How to clean your ears

... and why you shouldn’t use Q-tips

Many people like to feel their ears are clean – and it can feel very good to do it! But did you know cleaning your ears is hardly necessary at all? And it’s definitely not necessary to put anything inside your ear canals.

Do you use Q-tips?

Or perhaps you call them cotton buds or cotton swabs. Well, here’s some advice that experts all over the world could shout together in unison:


Seriously, it’s a very bad idea. Putting anything in your ear canal can push wax and other debris inwards. This can prevent sound from reaching your eardrum effectively.

However, there’s much more to it than that.

Wax is produced in the outer ear canal and naturally works its way outwards. But if you push it further in, it goes in deeper than it is supposed to.

Then it carries bacteria inwards to where the skin is very thin and fragile. And although Q-tips may look soft, they are actually abrasive on the sensitive skin deep in your ear canal.

Besides all this, you risk rupturing your eardrum.

Okay, so how do I get earwax out then?

You don’t. Your ears are designed to naturally expel earwax. One of the main purposes of earwax is to capture anything foreign and invasive, and then to come out of your ear canal with it. It is a vital part of your ear’s self-cleaning process, which works like a conveyor belt.

  • The skin in your ear canals grows in a direction: outwards. This means it brings out the wax, skin debris, and everything that has become trapped in the wax

  • Chewing and yawning naturally helps to move earwax outwards along the ear canal

  • In general, our ears make the amount of wax they need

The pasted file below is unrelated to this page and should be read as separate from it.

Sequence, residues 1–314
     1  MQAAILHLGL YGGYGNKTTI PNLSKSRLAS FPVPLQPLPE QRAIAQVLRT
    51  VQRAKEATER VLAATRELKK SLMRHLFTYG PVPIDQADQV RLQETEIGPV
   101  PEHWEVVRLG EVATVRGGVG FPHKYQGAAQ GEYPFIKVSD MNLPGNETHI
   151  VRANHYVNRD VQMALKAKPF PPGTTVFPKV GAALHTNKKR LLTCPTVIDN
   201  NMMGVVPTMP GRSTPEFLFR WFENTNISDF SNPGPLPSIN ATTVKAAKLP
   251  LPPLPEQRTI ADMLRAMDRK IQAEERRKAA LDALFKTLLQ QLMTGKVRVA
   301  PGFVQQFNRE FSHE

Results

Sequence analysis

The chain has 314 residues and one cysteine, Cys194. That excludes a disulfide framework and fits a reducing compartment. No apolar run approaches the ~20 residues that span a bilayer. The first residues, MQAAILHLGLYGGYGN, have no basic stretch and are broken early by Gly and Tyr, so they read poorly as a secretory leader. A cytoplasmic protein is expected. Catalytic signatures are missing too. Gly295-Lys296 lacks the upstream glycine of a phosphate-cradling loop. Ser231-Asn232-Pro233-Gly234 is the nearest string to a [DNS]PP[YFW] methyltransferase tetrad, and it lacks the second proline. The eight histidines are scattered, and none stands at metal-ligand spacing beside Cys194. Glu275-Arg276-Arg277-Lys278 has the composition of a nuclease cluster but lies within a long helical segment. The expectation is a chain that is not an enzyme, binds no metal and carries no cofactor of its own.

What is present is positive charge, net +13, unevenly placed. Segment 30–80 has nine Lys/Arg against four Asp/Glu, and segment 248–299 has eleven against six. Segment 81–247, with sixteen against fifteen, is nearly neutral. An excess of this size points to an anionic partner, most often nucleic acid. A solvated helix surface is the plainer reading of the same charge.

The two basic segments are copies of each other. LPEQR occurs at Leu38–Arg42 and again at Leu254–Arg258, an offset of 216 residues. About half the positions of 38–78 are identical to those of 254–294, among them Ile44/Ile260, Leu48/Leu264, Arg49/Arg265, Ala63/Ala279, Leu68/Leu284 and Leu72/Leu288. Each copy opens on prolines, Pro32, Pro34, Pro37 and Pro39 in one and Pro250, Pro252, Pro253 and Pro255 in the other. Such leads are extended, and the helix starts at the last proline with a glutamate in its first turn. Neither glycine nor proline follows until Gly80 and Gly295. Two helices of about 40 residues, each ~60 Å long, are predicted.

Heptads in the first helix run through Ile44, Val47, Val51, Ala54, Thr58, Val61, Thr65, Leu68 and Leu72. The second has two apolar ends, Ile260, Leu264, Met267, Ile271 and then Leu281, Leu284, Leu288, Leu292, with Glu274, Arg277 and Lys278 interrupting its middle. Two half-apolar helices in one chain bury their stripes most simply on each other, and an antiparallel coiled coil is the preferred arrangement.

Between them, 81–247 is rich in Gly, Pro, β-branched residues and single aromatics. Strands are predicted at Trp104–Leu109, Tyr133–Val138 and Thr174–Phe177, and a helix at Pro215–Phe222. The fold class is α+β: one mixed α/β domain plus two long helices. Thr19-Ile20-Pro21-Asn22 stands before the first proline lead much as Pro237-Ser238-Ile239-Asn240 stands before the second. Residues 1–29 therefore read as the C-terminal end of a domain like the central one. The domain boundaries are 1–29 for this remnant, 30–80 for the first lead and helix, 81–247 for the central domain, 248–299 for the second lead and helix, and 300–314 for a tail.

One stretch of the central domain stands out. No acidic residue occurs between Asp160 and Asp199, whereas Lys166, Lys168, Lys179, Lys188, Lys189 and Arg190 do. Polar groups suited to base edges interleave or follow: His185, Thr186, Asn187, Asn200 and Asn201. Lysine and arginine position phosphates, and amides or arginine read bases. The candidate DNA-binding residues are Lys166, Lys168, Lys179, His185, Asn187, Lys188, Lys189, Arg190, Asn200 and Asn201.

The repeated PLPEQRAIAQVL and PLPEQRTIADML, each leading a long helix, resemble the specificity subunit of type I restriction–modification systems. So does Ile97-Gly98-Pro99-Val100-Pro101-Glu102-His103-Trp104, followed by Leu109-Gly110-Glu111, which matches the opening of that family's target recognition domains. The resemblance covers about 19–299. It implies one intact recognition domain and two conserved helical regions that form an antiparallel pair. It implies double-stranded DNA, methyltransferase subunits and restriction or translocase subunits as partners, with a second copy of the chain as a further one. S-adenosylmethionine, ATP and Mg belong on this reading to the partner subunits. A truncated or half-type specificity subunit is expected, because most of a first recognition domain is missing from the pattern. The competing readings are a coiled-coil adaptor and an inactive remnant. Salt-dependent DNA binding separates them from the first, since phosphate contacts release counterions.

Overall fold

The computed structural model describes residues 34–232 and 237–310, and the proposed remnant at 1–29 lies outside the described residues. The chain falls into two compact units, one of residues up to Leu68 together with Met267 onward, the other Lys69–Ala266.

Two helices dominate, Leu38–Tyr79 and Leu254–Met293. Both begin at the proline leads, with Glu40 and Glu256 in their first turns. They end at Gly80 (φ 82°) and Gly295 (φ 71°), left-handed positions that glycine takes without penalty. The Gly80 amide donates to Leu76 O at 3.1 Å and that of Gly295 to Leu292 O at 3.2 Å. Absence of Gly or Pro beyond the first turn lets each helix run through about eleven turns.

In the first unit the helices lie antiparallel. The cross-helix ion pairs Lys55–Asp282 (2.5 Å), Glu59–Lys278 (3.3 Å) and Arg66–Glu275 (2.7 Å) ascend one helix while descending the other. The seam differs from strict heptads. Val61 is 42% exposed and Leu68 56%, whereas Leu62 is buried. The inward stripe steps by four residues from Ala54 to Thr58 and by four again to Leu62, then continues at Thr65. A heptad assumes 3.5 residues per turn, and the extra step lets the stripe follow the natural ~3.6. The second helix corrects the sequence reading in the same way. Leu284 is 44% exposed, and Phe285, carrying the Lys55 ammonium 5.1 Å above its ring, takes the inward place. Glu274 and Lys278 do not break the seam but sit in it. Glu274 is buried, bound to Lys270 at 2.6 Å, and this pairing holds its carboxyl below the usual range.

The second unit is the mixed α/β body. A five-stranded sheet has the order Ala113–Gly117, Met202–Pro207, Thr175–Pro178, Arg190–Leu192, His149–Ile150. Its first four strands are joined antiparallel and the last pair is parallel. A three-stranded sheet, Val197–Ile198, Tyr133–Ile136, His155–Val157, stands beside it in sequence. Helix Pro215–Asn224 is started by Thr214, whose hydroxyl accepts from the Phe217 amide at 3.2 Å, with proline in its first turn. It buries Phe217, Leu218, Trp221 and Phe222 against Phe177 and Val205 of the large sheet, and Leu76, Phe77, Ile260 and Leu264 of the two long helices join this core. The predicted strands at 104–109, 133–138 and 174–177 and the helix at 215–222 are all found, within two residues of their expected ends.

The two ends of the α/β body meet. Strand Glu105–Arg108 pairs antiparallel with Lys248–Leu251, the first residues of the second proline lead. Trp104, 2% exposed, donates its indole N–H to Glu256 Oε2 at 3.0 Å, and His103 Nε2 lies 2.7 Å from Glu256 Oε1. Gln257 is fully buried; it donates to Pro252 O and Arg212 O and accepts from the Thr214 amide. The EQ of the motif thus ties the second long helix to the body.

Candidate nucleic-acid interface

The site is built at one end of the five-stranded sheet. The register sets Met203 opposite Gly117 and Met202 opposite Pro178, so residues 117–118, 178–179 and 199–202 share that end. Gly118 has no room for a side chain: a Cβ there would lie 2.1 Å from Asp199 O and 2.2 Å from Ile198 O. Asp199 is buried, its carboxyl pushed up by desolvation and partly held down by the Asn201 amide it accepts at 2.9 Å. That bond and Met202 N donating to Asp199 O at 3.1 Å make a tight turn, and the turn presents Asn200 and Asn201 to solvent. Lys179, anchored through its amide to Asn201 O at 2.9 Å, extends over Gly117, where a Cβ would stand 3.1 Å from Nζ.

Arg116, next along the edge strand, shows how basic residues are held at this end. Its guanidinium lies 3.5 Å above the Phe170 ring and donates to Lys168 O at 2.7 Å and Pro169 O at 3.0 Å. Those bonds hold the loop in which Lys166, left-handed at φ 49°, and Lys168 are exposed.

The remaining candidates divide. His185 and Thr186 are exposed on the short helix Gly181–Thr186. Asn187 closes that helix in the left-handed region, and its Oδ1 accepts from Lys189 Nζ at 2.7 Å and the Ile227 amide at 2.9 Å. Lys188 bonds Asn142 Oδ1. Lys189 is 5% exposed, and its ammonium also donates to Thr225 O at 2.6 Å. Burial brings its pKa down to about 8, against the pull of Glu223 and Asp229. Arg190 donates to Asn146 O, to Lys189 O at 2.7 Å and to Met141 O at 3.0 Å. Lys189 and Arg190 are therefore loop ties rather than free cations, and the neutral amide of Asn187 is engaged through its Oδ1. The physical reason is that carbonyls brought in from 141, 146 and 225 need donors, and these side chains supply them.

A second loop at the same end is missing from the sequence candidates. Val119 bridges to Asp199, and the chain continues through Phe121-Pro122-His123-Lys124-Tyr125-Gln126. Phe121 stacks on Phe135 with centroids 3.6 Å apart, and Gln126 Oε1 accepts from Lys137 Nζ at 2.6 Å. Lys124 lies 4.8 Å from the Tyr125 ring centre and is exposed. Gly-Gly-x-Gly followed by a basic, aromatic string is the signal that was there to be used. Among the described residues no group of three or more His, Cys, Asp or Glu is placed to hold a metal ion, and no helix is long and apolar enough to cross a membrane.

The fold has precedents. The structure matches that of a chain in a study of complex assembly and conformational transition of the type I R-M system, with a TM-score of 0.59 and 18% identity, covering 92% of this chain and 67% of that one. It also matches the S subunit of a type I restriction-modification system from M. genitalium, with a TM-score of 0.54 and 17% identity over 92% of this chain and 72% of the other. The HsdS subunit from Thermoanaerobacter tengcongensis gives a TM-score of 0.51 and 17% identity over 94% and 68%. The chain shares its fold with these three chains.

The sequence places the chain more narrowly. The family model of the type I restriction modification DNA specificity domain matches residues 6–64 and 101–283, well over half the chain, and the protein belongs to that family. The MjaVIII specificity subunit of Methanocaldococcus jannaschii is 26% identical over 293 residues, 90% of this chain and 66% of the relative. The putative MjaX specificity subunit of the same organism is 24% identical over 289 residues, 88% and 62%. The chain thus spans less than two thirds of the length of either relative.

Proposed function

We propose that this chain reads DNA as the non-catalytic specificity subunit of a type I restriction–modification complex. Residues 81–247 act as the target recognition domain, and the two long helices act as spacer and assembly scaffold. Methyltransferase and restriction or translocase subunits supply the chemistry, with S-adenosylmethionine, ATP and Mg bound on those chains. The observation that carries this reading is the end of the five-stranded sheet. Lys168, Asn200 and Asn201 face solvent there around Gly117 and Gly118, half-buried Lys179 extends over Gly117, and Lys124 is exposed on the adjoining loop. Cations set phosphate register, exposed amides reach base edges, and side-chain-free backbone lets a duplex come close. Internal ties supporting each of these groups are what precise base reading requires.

• DIY ear cleaning tips
  • Don’t put anything in your ears that is smaller than your elbow

  • Wipe earwax out of your outer ears with a washcloth when it is ready to come out

  • Consult your doctor if you suspect you have an earwax blockage

  • Consult a pharmacist, your hearing care professional, or your general practitioner (primary healthcare provider) if you think you need specialist cleaning

Can't I just reduce it a bit with a Q-tip?

Inserting anything into your ear canal risks pushing ear wax inwards. Wax is only made in the outer third of the ear. Anything that could push it deeper – in towards the eardrum where the ear doesn’t clean itself – is very dangerous.

  • You risk pushing wax past the ‘conveyor belt’ of outward skin growth that is supposed to carry it out, leaving it trapped there
  • Q-tips can damage the skin of the ear canal — especially in the deeper, more sensitive areas — leaving them open to infection from bacteria  
  • Pushing earwax deeper inside can block the ear canal, leading to hearing loss. You also risk rupturing the eardrum with the Q-tip

But I want to be clean and free from earwax!

Well, earwax is essential. Our ear canals are designed to create wax because it is an integral part of the way our ears function. It is natural, completely normal, and everyone needs it. Earwax has evolved to serve many purposes.

  • Earwax creates a sticky barrier that prevents foreign objects from entering, including bacteria and fungal infections of the ear canal and ear drum
  • It traps dead hair, skin and dust, which it then carries out of your ear
  • Earwax helps to prevent fungal and microbial infections in the ear canal, because it is acidic*
  • It lubricates the ear canal, to help prevent your ears from itching


*Hanger, 1992

Right, so we need some earwax. But can there be too much?

Well, sometimes our ears do produce more wax:

  • Hearing aid users and earphone users can experience more earwax build-up because the devices block their ears, which hinders the natural progression of wax
  • Some people produce more earwax than average — it can run in your family's genes*
  • If your ears are irritated because you have been inserting things to clean them, they may take a while to re-establish a balanced level of wax production

 *Hanger, 1992

If you think your ears are producing too much wax, or you feel your ears are blocked, you need to consult your doctor, hearing care professional, or pharmacist.

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